By Rachel Swan 8/21/15
Relatives of Demouria Hogg, a man killed by Oakland police as he was allegedly sitting in his car with a gun, will get to see video of the deadly encounter, an attorney for the family said Friday.
Hogg’s relatives asked to view footage of the June 6 killing after reading media reports that Oakland police screened video from two other fatal incidents, the Aug. 12 shooting of 28-year-old Nate Wilks and the July 19 pursuit of 23-year-old Richard Linyard.
“Once we found out about that special screening, we immediately called and said, ‘Hello, what about us?’” said Jamon Hicks, the Los Angeles civil rights attorney who represents Hogg’s family.
Hicks, who helped file a wrongful death claim with the city on July 7, said he was not invited to see the video of Hogg’s death. He said the family might postpone the screening until Oakland police permit him to attend.
He expects the video will raise questions about why the police chose to shoot Hogg, 30, who had apparently passed out in a BMW near Lake Merritt with a gun in the passenger seat.
“We have a lot of concerns about how this turned into a fatality,” Hicks said.
Oakland police did not answer calls seeking comment. Presenting footage of the other two incidents to a select group of journalists Wednesday, Police Chief Sean Whent said he wanted to refute “misinformation” about the men’s deaths.
Whent went on to say that the department would not hold press screenings of body camera footage of two other fatal encounters — the Hogg shooting, and an Aug. 3 gunbattle with a 49-year-old sexual assault suspect named Antonio Clements— because they hadn’t been the subject of controversy.
Hicks balked. “There was a lot of news coverage, there was a march, there was a vigil,” he said. “I don’t know how much more controversy you need.”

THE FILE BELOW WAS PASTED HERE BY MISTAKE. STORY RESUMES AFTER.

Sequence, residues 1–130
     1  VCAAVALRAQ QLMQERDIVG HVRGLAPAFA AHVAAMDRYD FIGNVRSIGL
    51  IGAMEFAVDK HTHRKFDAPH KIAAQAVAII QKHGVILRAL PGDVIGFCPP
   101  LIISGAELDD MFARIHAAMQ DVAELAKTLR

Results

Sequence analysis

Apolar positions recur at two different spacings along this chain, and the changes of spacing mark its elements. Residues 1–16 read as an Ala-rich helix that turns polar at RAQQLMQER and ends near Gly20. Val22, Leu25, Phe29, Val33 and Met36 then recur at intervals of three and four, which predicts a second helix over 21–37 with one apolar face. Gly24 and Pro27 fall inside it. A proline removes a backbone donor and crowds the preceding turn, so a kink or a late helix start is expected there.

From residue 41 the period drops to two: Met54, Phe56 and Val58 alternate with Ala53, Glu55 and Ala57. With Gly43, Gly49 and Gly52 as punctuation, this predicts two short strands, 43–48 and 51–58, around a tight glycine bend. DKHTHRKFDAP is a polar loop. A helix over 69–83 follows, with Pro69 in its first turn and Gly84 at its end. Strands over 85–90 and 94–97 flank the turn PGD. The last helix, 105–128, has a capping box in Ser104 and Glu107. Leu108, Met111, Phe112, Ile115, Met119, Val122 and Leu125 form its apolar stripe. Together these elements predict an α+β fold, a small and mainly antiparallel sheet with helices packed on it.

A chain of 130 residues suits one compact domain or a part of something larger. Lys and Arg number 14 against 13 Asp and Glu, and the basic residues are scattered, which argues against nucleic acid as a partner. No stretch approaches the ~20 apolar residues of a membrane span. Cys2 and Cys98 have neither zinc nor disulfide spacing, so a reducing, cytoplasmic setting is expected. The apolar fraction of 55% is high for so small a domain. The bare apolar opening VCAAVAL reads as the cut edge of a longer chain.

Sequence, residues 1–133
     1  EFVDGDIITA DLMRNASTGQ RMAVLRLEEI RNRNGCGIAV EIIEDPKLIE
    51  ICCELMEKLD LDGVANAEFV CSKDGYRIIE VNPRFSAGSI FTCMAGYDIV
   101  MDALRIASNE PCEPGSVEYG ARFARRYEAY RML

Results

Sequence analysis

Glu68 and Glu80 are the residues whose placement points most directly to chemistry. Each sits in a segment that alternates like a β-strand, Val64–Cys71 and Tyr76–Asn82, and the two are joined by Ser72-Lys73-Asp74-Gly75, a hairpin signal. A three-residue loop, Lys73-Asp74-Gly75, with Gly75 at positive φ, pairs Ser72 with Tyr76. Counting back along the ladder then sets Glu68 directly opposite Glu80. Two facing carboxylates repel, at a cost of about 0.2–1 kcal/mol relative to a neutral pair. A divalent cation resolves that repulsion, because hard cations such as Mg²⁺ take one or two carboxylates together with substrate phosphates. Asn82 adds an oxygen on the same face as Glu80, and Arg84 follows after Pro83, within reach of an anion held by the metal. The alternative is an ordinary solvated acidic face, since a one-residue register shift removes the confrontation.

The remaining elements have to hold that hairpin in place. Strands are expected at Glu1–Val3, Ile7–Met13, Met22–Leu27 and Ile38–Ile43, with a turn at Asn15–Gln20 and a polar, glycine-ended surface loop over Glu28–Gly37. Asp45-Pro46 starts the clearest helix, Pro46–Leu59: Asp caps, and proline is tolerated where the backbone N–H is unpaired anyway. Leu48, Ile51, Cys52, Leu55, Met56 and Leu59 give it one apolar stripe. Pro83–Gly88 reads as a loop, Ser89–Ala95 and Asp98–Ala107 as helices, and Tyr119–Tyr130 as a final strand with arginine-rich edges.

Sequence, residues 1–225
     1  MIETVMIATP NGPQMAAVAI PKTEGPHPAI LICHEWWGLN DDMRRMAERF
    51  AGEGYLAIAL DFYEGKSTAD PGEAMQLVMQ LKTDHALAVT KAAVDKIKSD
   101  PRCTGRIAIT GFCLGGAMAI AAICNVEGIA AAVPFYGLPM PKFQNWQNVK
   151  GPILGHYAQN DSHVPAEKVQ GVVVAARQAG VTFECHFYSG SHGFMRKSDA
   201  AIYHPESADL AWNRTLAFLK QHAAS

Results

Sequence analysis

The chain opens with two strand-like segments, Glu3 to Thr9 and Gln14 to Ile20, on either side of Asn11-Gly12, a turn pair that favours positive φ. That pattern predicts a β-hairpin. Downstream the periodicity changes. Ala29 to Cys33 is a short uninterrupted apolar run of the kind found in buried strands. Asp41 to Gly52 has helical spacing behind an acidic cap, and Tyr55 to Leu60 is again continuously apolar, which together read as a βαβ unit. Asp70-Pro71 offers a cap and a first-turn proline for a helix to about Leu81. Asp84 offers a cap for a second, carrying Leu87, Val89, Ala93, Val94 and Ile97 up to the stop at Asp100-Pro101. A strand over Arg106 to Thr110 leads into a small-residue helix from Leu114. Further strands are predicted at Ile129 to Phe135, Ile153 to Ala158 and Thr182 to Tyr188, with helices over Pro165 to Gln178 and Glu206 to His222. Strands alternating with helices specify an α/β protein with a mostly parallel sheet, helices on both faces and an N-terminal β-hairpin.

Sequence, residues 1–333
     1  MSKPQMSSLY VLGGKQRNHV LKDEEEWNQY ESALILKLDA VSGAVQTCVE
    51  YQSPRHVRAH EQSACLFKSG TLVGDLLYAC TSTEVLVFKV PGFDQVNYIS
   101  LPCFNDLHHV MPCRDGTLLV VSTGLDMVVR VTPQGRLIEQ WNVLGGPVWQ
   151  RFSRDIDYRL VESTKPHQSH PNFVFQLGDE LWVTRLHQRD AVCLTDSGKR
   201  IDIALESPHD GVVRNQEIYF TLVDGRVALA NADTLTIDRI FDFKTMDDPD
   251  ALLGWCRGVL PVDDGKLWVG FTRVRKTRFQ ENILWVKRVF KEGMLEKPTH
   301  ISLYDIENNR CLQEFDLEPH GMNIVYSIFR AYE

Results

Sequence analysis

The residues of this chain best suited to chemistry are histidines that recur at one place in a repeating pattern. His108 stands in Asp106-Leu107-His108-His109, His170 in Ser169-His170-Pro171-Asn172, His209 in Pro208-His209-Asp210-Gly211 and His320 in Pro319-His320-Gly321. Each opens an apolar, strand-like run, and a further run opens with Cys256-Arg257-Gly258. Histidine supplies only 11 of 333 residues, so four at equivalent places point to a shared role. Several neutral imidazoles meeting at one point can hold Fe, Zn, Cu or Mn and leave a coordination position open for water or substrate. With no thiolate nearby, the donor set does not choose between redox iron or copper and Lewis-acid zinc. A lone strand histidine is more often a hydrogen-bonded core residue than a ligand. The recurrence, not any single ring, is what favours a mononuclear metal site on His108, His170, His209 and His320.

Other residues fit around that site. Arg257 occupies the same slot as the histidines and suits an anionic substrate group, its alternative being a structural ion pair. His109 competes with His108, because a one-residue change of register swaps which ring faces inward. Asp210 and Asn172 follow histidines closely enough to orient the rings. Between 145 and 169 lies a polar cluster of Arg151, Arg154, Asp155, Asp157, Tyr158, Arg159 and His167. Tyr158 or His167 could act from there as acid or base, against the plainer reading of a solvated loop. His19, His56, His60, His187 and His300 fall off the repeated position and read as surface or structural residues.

A city spokeswoman said that while she wasn’t aware of plans to screen video of the Hogg shooting, Oakland police typically offer to show footage of fatal encounters to the suspects’ families.
A member of Hogg’s family declined to comment, citing the ongoing case. The family seeks more than $10,000 in damages for emotional distress, civil rights violations and a shooting that they believe was unjustified.
Civil rights attorney James Chanin said he was troubled by the city’s original decision to screen footage of Wilks and Linyard, but not Hogg. He deemed it a case of “selective disclosure.”
“It raises the issue of why they are showing this one and that one, but not the other one,” Chanin said. “It doesn’t prove anything, but it raises the question of what they did.”
Hicks said he doesn’t see the point of body cameras if the video isn’t released publicly.
“My whole thing is if we’re going to have these body cameras, we have to be transparent,” he said. “We can’t pick and choose which ones we’re going to show.”
But Steven Betz, an attorney representing the officer who shot Hogg, believes Oakland city officials are still grappling with how to use these new accountability tools.
“I can only assume that because this is new technology, public entities aren’t yet sure what the best way to handle it is,” he said.